The sense that one has to be dead to be a "bayani" in the first meaning given by the LWP 's Diksyunaryo is disturbing. It may have discouraged many of us from aspiring to be heroes. But this meaning has been attached only during this almost one century that has passed since the days of the Katipunan. Rizal's execution at Bagumbayan and his proclamation as "pambansang bayani" may have contributed much to it. And I have very recently come across a proof that death as a qualifier for "bayani" was not in the meaning attached to the word by the majority of those who used it during the Spanish period.

The point is that you may not simply translate because what we think are word equivalents are sometimes as varied as the cultures that used them. Of course, I will still use the word "heroism" but this time I'll try to be closer to its "bayani" sense.

The qualifier in the first meaning of "bayani" given in the Diksyunaryo produced by the Linangan ng mga Wika sa Pilipinas, to the effect that one becomes a hero upon being recognized as such after death was not there much earlier in the history of usage of the word. The Katipunan, under the leadership of Andres Bonifacio, used the word "bayani" as the label for its third- grade members, the highest rank in their "katipon" and "kawal." One became a "bayani" after being elected to any of the organization's collegial leadership councils. Surely, these were not posthumous awards being given!

As I write this column, I have before me a photocopy of a page from Vocabulario de la Lengua Tagala, Compuesto por Varios Religiosos Coctos y Graves republished ("reimpresso") in Manila in 1860 by Imprenta de Ramirez y Giraudier. Page 44 of this overly bulky dictionary, which I found at the Sentro ng Wikang Filipino at the University of the Philippines in Diliman, carries two entries of the word "bayani." The first definition carries the words "Valiente" and "animoso," and the second one begins with "obra comun." These two definitions run parallel to the two entries in LWP's Diksyunaryo, but conspicuously absent in the 1860 book's entries are the words "muerte" or anything similar to it (like "morir"), to put in the sense of one having to die first.

The TV show we are working on will be aired for schoolchildren, and it will encourage them to appreciate and admire our relatively well-recognized "national heroes," open their minds to the likelihood that their very own respective grandparents were heroes in their own right, and encourage these children to aspire to develop in themselves the atributes of being "bayani."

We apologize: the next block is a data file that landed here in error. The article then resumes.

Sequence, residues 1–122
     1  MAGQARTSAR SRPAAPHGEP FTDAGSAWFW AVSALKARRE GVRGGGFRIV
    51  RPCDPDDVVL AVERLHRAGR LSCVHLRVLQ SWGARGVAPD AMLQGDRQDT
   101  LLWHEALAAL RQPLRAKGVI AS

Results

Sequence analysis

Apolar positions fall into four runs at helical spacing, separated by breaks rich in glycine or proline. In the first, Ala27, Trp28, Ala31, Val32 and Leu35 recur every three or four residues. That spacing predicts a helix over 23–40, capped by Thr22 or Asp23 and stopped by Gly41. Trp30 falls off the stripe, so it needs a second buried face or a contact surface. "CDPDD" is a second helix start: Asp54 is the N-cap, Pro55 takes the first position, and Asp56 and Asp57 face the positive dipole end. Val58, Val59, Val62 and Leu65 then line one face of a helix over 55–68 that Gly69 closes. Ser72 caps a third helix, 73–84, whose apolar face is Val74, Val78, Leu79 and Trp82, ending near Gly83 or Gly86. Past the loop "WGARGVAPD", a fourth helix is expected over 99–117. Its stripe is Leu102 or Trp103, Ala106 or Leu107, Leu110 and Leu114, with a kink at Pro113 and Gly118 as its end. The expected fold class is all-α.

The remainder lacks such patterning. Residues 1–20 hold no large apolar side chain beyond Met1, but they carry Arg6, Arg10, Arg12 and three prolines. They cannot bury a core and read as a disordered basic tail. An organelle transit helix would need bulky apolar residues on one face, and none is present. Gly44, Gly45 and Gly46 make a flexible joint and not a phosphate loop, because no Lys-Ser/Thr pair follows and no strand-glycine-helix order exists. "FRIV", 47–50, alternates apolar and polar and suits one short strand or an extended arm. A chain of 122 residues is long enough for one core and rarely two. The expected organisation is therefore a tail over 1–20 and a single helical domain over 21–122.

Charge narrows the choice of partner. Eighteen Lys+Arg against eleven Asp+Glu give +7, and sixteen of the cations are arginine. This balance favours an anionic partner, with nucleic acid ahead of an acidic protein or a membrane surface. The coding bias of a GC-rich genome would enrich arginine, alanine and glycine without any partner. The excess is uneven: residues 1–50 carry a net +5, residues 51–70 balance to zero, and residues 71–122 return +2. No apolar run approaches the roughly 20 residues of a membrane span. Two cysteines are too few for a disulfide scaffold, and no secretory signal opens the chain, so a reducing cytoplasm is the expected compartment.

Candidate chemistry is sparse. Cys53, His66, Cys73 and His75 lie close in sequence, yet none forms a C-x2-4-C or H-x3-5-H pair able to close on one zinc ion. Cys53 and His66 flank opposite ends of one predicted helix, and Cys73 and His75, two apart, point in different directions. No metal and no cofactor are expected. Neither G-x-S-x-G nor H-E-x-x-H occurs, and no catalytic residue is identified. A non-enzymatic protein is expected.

Here are some of the concept points alreadu discussed by the people preparing this program:

"Bayani" as concept and word can have any of these three applications: "bayani as a person; "kabayanihan" as a heroic act; and "bayani"as a heroic group, community or nation.

The core value in being "bayani" is recognition of and deference to the interest of what is bigger than the individual, like the group, the community, the nation, even humanity and nature. This deference is conscious even if almost instinctive and habitual.

For one to be "bayani" in meeting with various challenges both in daily life and in critical historical moments, he or she must have all or at least most of the following: 

(1) determination; (2) perseverance; (3) courage; (4) diligence; (5) enthusiasm; (6) humility; and (7) inspiration and effect of inspiring others.

The seventh point above underscores the need to avoid putting our national heroes on top of unreachable pedestals. They were as human as we all are. And, indeed, we can all be heroes like them. In our own right, in our own small ways.

This is the message we are going to bring to the children through the TV sets. We hope this can somewhat "distract" them somewhat from concentrating too much on those hyperviolent robotic and mutant superheroes they watch on TV everyday. With this, and the KAMALAYSAYAN's efforts to propagate the lessons from the Katipunan's Kartilya, and parallel efforts from various directions, including parents, we may yet be able to validate Rizal's philosophical optimism that "the youth are the hope of the Fatherland."

(Kamalaysayan Media Service)